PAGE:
Procrastination

 

“What is deferred is not avoided.”
Thomas More

Let’s call it “research” that this post took me two weeks to sit down and write. And while we’re at it, let’s look up the etymology of the word “deferred…” I don’t usually avoid writing tasks, but for this one, I wanted to get in that Wikipedia-reading, Amazon.com-amassing, closet-cleaning, telephone-calling, gym-going(?!), everything-but-writing space that we all have set up a stall in at some point or another. Yep, procrastination is a busy place! And a loud one too—what with that albatross around your neck crooning, “Don’t forget about that chapter/article/cover letter/essay you’re supposed to be working on—I’m watching you, you schmuck!”

Everybody knows that writing well is hard. That’s one part of why we avoid it. Clear, compelling thought on paper happens through a process of testing and refining your ideas through language. And this takes time and care. So some of what looks like procrastination may sometimes be fallow time when the seeds of your ideas are actually hard at work, germinating underground. And this is tricky stuff, as there’s a fine line between this puttering generative phase and the wish-littered wasteland of classic procrastination.

This is where an editorial consultant (doubling as a writing coach) comes in. I’ve got jujitsu for habits that block good work. I’m skilled in energizing writers and making projects manageable. I love helping you get your rough ideas on paper and then working with you to refine them in the next draft. I can help you streamline your creative process so you keep moving your project to the finish line. Thanks to smart drafting tactics, the people who work with me find that their final product exceeds what they thought they could do on their own.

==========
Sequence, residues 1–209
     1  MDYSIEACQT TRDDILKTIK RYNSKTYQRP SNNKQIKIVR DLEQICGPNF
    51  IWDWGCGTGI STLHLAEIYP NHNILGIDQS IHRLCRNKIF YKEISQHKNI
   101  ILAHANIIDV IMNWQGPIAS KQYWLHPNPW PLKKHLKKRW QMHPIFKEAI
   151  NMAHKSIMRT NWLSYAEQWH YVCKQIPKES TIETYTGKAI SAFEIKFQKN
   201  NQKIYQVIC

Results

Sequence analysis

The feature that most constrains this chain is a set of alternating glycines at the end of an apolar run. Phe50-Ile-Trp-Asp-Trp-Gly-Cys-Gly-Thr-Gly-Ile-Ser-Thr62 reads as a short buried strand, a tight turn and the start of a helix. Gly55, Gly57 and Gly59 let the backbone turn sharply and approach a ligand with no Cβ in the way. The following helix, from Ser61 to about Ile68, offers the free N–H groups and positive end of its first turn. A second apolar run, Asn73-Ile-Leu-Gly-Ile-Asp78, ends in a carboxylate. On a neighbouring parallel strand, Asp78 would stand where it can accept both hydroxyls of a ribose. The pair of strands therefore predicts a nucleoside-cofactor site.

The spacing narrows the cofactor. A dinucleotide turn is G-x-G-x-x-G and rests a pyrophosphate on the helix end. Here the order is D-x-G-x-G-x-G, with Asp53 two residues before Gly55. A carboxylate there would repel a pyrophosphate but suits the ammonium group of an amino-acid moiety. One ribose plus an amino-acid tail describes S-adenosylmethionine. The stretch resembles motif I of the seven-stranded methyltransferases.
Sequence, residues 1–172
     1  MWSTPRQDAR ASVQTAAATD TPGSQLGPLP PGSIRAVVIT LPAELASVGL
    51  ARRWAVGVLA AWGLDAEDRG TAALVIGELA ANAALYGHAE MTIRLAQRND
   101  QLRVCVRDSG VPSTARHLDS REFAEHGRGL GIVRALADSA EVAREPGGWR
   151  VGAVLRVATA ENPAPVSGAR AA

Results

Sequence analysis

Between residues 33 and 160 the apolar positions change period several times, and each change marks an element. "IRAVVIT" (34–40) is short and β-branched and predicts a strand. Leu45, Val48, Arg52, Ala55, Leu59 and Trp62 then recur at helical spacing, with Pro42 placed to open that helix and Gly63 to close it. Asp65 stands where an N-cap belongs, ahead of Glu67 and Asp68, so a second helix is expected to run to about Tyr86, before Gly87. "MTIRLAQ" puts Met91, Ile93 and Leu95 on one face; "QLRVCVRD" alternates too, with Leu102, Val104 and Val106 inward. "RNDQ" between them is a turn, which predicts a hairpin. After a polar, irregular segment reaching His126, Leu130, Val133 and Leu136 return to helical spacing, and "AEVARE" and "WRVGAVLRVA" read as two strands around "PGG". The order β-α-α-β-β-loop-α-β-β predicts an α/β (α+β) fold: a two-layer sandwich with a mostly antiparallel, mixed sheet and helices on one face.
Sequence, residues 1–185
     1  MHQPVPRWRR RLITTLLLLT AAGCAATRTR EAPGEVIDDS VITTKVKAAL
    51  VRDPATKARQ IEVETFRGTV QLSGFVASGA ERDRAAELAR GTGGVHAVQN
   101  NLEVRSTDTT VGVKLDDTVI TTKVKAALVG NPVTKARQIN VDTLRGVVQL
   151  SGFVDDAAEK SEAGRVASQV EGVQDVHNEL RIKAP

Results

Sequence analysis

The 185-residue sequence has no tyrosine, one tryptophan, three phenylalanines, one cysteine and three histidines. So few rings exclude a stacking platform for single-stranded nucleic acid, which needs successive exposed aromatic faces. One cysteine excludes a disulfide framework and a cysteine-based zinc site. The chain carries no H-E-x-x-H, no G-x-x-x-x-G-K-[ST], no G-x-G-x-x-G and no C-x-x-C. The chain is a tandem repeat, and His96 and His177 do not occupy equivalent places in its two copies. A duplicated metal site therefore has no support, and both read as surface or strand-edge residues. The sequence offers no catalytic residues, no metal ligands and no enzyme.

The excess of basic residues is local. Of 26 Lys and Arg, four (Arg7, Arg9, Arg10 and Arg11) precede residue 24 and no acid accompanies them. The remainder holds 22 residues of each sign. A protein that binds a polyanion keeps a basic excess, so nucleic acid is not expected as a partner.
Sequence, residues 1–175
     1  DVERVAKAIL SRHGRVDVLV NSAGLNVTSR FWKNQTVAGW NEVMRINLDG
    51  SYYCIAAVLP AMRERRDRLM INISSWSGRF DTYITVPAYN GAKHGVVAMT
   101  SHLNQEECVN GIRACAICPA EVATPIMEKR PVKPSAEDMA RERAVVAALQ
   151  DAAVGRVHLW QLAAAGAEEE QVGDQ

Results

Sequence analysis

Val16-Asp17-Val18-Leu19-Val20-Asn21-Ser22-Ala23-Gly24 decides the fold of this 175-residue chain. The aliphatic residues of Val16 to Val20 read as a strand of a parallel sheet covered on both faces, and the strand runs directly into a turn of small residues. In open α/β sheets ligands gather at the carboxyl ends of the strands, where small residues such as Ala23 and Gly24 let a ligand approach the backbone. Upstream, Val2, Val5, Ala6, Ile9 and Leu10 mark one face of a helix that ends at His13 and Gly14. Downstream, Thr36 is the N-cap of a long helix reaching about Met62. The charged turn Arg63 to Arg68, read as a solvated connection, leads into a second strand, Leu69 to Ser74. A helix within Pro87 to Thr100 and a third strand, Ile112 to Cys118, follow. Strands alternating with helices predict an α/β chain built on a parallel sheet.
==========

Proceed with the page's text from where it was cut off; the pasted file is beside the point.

Speaking of projects and finish lines, it’s time for me to get back to work on other things. But before signing off, here are a few cool procrastination-foiling tools that a lot of writers love:

This first one shuts you out of your Internet for a set period of time so that you can dive into your writing without the wonderland of the Web distracting you. As any fiction writer can tell you, the Internet is friend and foe. Countless good hours of writing are lost to the seemingly noble (and endless) diversions of sites like Wikipedia where you can learn about the lifeways of millipedes and milliners, the language of lapwings and Laplanders, the inner workings of dump trucks and domesday machines, while soaking up the mad sonic skills of Gustav Mahler’s 9th or George Clinton’s Mothership Connection…Or watching vital educational videos like the one I’ve posted here that just begs you to fritter away four minutes of your life–in the very name of “procrastination”! Here’s a way to put wax in your ears against all those beguiling siren songs (at least for a few hours):

http://macfreedom.com/

Another particularly portable tool is based on a simple exercise you can do yourself:

Just agree that you’ll sit down and work for only 20 minutes on your project. That’s all you have to do. It’s amazing how effective this wee trick is in moving you from inertia to action. You stop standing at the edge of the pool, staring at the water–it gets you to finally dive in. And you’ll find that a lot of drafting can be done in these 20-minute “all-in” swims.

Here’s an app developed by a creative writer that makes a game of that same concept:

http://writeordie.com/

No pressure, of course.

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